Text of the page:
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Nathan Chen leads Yuzuru Hanyu at Grand Prix opener (video)

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U.S. champion Nathan Chen hopes to become comfortable in this spot this season — ahead of reigning Olympic and world champion Yuzuru Hanyu in the standings.

The 18-year-old Chen landed two quadruple jumps in his short program at the opening Grand Prix event in Moscow, taking a 5.69-point lead over Hanyu going into Saturday’s free skate.

Two-time world champion Yevgenia Medvedeva of Russia topped the women’s short program with 80.75 points (one tenth off her world record).

Full Rostelecom Cup results are here.

Chen’s tally — 100.54 points — is the second-highest short of his flourishing international career. It would have been higher if not for two of his three jumping passes receiving negative grades of execution for wonky landings.

The Japanese megastar Hanyu fell on his final jump, a triple toe loop, on Friday. No matter, Winnie the Pooh bears rained down on the ice from the adoring crowd, many of whom traveled from Japan.

Hanyu scored 94.85 points, one month after breaking his world record short program score with 112.72 points in a small event in Canada.

“Today I made some mistakes in my short program, but overall it didn’t feel bad,” Hanyu said, according to the International Skating Union.

Hanyu, though he is the current PyeongChang favorite, has never won his season-opening Grand Prix event in seven tries.

Chen has now outscored Hanyu, who is four years older, in four of their last eight head-to-head skates.

Hanyu was better in the two biggest programs at last season’s world championships. Chen placed sixth at worlds in April, perhaps gassed at the end of his first senior season while competing on duct-taped skates.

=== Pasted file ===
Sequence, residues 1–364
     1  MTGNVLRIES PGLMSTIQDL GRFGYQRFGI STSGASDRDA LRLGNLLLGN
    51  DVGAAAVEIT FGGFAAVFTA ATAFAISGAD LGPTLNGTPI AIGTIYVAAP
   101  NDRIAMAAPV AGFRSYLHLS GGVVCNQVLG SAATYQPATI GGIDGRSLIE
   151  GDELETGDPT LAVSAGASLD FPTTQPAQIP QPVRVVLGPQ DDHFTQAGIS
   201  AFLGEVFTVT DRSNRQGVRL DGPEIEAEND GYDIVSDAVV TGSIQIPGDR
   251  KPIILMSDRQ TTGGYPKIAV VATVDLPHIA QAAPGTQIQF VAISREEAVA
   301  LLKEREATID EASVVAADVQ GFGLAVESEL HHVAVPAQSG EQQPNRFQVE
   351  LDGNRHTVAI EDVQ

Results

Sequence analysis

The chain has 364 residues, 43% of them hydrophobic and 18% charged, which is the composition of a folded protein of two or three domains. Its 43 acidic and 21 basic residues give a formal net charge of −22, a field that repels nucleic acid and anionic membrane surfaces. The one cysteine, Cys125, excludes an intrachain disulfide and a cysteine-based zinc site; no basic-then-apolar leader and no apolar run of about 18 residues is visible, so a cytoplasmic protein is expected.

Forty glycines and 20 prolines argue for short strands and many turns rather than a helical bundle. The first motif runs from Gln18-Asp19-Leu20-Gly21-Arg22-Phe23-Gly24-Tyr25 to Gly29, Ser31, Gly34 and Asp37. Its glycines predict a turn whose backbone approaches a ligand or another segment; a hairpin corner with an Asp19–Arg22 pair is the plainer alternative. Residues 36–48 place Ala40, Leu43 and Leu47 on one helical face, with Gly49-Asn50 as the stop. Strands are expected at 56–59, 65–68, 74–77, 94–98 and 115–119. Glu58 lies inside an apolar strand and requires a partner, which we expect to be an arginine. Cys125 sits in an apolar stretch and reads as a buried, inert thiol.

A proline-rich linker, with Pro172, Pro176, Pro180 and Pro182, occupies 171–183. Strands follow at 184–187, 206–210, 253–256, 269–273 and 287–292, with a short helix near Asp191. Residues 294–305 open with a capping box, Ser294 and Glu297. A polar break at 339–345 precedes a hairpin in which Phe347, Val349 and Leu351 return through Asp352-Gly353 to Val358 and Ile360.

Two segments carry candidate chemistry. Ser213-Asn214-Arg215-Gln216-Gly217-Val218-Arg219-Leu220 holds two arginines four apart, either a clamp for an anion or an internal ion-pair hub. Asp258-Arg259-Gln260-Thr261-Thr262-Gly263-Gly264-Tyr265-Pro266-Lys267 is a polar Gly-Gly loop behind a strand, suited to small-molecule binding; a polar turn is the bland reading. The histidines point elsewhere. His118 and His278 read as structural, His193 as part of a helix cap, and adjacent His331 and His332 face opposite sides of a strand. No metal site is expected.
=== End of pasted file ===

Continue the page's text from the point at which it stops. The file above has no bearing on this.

In the women’s standings, Medvedeva topped Olympic bronze medalist Carolina Kostner of Italy by 6.13 points.

American Mirai Nagasu landed a triple Axel that was called under rotated and fell on her other two jumping passes. She ended up ninth, two spots behind U.S. bronze medalist Mariah Bell.

In the short dance, two-time world medalists and U.S. champions Maia Shibutani and Alex Shibutani tallied 77.30 points.

The siblings lead by .97 over Russians Yekaterina Bobrova and Dmitry Soloviyev going into the free dance.

Russians are one-two in pairs. World bronze medalists Yevgenia Tarasova and Vladimir Morozov lead Olympic silver medalists Ksenia Stolbova and Fedor Klimov by 5.49.

All of the free skates are Saturday, live on Olympic Channel. A full schedule is here.

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Rostelecom Cup
Men’s Short
1. Nathan Chen (USA) — 100.54
2. Yuzuru Hanyu (JPN) — 94.85
3. Dmitriy Aliyev (RUS) — 88.77
11. Grant Hochstein (USA) — 67.56

Women’s Short
1. Yevgenia Medvedeva (RUS) — 80.75
2. Carolina Kostner (ITA) — 74.64
3. Wakaba Higuchi (JPN) — 69.60
7. Mariah Bell (USA) — 63.85
9. Mirai Nagasu (USA) — 56.15

Short Dance
1. Maia Shibutani/Alex Shibutani (USA) — 77.30
2. Yekaterina Bobrova/Dmitry Soloviyev (RUS) — 76.33
3. Alexandra Stepanova/Ivan Bukin (RUS) — 71.32
7. Rachel Parsons/Michael Parsons (USA) — 59.41

Pairs Short
1. Yevgenia Tarasova/Vladimir Morozov (RUS) — 76.88
2. Ksenia Stolbova/Fedor Klimov (RUS) — 71.39
3. Valentina Marchei/Ondřej Hotárek (ITA) — 68.48
7. Marissa Castelli/Mervin Tran (USA) — 54.37